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summary

- PASSIVE WITH GET
- PASSIVE WITH TO HAVE
- VERBS WITH TWO OBJECTS
- A SENTENCE AS THE SUBJECT
- VERBS OF OPINION
- VERBS OF THE SENSES / HELP, MAKE

 

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Passive Voice: special cases
 
Level: Level: Medium

Passive Voice: special cases

To learn about the Passive Voice click here. In this article we are going to see some special cases.

 

PASSIVE WITH GET

In informal conversation, GET is often used instead of To Be.

    I got fired yesterday (= I was fired yesterday)
    If you get robbed, report to the police
    The balloon got filled with gas
    There was a fight, but nobody got hurt

 

PASSIVE WITH TO HAVE

    have   +   object   +    past participle   

The idea behind this construction is "I got someone to do something for me" (especially when you pay for the service)

   
I had my car cleaned = I employed someone to clean my car
I'll have my hair cut = I'll pay a hair-dresser to cut my hair
I've had my roof repaired = I've hired someone to repair my roof
I'm having my kids looked after = A friend's taking care of them for me

Compare:

- I cut my hair yesterday I did it myself, so I probably look horrible
- I had my hair cut yesterday I went to the hairdresser's and they cut my hair

In this construction "to have" is a normal verb, so it needs DO
    Do you have your windows cleaned every month? - No, I don't have them cleaned so often

Again, we can use GET instead of HAVE in colloquial speech
    He got his room painted
    I'm getting all my floors polished

 

VERBS WITH TWO OBJECTS

Some verbs have two objects (direct and indirect). In that case we can use two constructions:

1-    Ron gave some flowers to Mary
2-    Ron gave Mary some flowers

In English, both constructions can be turned into passive voice:

1-    Some flowers were given to Mary
2-    Mary was given some flowers

Option 2 is not possible in many languages, but in English it is the most usual choice.

They told me a secret A secret was told to me = I was told a secret

 

A SENTENCE AS THE SUBJECT

When the object of the active voice is a whole sentence (connected with that), we have again two possibilities (second one more used):

They say (that) he is ill           It is said (that) he is ill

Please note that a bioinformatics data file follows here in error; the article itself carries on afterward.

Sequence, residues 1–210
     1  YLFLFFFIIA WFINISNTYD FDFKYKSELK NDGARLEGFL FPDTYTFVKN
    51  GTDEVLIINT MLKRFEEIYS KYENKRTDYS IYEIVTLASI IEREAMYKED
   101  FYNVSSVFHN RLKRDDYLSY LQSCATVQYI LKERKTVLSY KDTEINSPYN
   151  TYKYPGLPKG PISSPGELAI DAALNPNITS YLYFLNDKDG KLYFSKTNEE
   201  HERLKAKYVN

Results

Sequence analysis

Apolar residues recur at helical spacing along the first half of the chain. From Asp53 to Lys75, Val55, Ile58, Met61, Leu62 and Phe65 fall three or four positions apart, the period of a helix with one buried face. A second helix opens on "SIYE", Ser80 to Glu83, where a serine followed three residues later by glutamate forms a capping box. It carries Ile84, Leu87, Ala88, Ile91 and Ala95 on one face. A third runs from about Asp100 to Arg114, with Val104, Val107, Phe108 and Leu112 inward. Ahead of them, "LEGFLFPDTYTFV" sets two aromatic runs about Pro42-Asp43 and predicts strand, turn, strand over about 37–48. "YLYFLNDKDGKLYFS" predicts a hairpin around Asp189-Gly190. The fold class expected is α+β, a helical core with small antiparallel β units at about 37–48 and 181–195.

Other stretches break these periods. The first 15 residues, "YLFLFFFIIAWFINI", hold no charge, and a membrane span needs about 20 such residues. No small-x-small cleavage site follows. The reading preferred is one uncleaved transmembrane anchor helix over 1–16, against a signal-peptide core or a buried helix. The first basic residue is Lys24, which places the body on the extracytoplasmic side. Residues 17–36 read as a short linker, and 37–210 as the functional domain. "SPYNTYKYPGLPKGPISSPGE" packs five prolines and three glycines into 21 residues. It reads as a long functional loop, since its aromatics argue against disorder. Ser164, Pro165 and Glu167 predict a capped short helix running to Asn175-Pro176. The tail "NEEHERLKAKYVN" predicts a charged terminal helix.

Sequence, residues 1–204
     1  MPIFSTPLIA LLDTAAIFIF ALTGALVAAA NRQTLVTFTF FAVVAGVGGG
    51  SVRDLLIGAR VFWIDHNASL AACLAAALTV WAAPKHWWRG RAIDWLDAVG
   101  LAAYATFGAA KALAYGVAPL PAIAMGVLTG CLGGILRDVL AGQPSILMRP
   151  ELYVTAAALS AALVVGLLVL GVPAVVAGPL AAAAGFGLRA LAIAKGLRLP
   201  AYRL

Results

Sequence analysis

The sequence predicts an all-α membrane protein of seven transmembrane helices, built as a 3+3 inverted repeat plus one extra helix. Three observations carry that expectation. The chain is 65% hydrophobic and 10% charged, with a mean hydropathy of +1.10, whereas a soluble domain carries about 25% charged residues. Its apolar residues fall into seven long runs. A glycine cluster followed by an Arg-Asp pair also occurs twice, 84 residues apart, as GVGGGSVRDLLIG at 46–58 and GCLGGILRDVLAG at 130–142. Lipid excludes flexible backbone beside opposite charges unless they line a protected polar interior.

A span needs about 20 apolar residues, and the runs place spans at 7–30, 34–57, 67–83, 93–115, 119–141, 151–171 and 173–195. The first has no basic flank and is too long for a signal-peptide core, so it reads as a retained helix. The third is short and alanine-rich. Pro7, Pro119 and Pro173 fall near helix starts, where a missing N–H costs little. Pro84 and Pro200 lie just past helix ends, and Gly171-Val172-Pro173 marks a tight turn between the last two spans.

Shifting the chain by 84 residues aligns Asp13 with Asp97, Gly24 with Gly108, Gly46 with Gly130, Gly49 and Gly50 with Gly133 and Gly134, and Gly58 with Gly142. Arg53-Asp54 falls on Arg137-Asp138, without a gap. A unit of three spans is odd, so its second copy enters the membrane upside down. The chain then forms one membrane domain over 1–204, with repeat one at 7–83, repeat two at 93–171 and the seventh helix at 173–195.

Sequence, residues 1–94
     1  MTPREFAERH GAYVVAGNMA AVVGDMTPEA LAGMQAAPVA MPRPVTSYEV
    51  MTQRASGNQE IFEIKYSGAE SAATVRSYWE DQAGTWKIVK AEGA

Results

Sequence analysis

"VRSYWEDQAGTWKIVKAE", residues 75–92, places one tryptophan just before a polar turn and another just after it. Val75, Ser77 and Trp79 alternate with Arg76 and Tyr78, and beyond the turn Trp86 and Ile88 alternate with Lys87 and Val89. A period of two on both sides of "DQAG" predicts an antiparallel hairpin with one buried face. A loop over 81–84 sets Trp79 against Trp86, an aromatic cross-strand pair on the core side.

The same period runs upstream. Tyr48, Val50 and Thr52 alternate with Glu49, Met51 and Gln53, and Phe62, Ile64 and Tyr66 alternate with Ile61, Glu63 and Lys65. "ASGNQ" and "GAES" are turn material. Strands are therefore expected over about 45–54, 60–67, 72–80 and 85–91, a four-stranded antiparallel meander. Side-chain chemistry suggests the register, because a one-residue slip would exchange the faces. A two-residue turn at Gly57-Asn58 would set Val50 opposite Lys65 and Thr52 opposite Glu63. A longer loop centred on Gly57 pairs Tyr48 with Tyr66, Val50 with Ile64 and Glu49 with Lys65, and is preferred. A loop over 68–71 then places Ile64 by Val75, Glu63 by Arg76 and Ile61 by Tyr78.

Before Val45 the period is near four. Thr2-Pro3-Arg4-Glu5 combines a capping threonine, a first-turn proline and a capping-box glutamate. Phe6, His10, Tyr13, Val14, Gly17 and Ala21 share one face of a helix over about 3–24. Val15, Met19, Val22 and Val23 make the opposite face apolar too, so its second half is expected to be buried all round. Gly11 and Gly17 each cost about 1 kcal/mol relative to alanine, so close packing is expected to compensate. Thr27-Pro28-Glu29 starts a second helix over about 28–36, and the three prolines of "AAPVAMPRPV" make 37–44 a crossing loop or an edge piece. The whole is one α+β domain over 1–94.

He is said to be ill

 

VERBS OF OPINION

Something similar happens with verbs of opinion: say, think, expect, know, believe, understand, consider, find... These verbs may use the construction of verbs with two objects (1) or verbs followed by a sentence (2) as seen above (again, second option is most frequent):

1- They considered me a tourist 
       
It was considered (that) I was a tourist

I was considered to be a tourist

2- They think (that) I am a spy 
             
I am thought (that) I was a spy

I am thought to be a spy

2- People belive it is true
              
It was believed (that) it was true

It was believed to be true

 

VERBS OF THE SENSES, HELP & MAKE

Verbs of the senses, help and make (but not let), which are followed by infinitive without to in the active voice, are, nevertheless, followed by a complete infinitive in the passive.

Active: They made me do it    
They saw him leave
   
They let us go
Passive:         I was made to do it    He was seen to leave   We were let go

 

IMPERATIVE FORM IN THE PASSIVE VOICE

To change an imperative form into the passive voice we use the construction: LET + OBJECT + BE/GET + Past Participle

    Serve the best wine Let the best wine be served
    Don't speak a word here Let a word not be spoken here

In the active form we are specifically telling you to do something, in the passive version we want the action to be done, by you or by somebody else, it doesn't matter.

The passive imperative is rare and sounds very formal or old-fashioned. You can find it in a book of instructions:
    Let the meat be baked at 45 degrees
But it would sound really strange if someone told you this orally.

This form is most usually found in old books and poetry: "Let my eyes be filled with your presence for eternity" blush

So remember this, if you try to change a normal imperative into a passive imperative, 95% of the times the result will be a perfect grammatically correct nonsense:
    Turn off the TV Let the television be turned off  weird
    Eat your food Let your food be eaten  sad
    Give me your money Let your money be given to me  crying

 
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